Why Can’t The ACLU Help Jailed Attorney Richard I Fine? #556
February 27, 20102 Comments
Los Angeles, CA. Watch this 7 minute video news update report featuring
- Mary Tiedeman ACLU Jail Project Coordinator
- Peter Eliasberg ACLU Managing Attorney
- Richard I. Fine by collect telephone call from his jail cell
On March 4, 2010 it will be one year in the L.A. County Jail for Richard I. Fine, who accused Superior Court Judge Yaffe of corruption for taking illegal payments from the L.A. County in a case involving the County of Los Angeles. The ACLU has been called in to prevent inmate abuse by the L. A. County Jailers who are holding Fine in solitary “Coercive Confinement” in Central Men’s jail for contempt of court by order of Superior Court Judge David P. Yaffe.
Having never been convicted of a crime, Richard I. Fine, a 70 year old anti-trust attorney, who holds a Ph.D in International Law, has been held without a trial and without bail and no hearing or release date. These are circumstances in violation of U.S. Supreme Court precedent, In Re Farr (1974), where the five day limit on “coercive confinement” in civil contempt of court cases must apply.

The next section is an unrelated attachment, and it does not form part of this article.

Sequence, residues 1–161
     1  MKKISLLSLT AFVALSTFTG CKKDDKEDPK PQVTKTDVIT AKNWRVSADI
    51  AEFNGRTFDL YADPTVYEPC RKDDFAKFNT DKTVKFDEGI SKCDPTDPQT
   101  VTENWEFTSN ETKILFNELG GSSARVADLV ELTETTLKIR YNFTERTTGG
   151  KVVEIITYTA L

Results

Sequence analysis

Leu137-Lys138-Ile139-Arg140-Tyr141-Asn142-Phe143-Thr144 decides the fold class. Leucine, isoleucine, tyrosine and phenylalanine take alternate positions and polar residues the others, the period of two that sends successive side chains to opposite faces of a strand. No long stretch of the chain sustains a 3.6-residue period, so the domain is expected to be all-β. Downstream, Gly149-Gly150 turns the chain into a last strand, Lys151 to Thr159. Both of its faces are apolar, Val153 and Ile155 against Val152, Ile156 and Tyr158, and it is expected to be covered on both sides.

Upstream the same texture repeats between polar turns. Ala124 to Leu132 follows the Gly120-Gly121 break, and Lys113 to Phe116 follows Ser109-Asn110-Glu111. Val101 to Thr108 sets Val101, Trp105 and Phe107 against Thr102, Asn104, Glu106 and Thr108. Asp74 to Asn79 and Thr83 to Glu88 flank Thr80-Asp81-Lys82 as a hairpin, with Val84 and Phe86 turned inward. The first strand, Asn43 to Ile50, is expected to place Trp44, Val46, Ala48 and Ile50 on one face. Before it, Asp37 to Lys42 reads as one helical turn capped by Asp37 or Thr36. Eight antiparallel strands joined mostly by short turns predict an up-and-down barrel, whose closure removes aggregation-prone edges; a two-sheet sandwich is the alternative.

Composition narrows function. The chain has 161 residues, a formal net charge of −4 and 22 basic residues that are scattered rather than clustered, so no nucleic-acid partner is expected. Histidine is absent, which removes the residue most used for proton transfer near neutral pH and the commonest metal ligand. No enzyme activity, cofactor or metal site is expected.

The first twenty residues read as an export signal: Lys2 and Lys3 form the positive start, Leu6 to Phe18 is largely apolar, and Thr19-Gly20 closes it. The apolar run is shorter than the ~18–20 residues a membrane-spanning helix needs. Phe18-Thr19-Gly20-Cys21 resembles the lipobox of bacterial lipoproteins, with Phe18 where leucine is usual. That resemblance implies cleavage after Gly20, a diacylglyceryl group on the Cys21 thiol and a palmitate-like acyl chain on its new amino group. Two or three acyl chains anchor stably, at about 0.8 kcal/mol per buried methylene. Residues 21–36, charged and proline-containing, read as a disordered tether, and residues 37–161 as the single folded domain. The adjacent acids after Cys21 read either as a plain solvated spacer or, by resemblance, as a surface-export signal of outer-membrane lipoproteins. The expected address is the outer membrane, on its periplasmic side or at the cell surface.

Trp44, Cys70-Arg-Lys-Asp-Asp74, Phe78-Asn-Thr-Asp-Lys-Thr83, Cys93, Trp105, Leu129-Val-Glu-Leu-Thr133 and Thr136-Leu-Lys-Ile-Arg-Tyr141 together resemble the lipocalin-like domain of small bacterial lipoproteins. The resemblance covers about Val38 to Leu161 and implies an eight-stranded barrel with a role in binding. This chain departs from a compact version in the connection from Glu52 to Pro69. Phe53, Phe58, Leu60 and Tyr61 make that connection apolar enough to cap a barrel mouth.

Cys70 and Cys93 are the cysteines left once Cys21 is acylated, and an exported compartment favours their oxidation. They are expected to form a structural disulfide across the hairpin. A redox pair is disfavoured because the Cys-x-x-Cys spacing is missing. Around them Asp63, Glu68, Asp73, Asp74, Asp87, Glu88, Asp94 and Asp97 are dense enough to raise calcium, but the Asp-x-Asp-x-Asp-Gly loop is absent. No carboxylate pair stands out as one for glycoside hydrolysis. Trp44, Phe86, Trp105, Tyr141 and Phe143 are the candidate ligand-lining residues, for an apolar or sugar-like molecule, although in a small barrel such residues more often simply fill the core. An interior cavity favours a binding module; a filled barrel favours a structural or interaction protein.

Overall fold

The ACLU had previously informed Mr. Fine’s family and Full Disclosure® that they were unable to assist him. But when his upper dental plate broke on January 5, 2010 he complained to his jailers that he could not eat without them, he realized he desperately needed their help.
We called Actor Ed Asner, long known as a humanitarian and who was recently honored by the ACLU for his devotion to preserving Civil Liberties. Mr. Asner unhesitatingly offered to call Ramona Ripston executive director of the ACLU and wife of prominent Ninth Circuit Court Judge Steven Reinhardt, to request help for Mr. Fine. For years the ACLU has served as court appointed monitor for the L. A. County jails to prevent inmate abuse and assure attention to inmate health care complaints.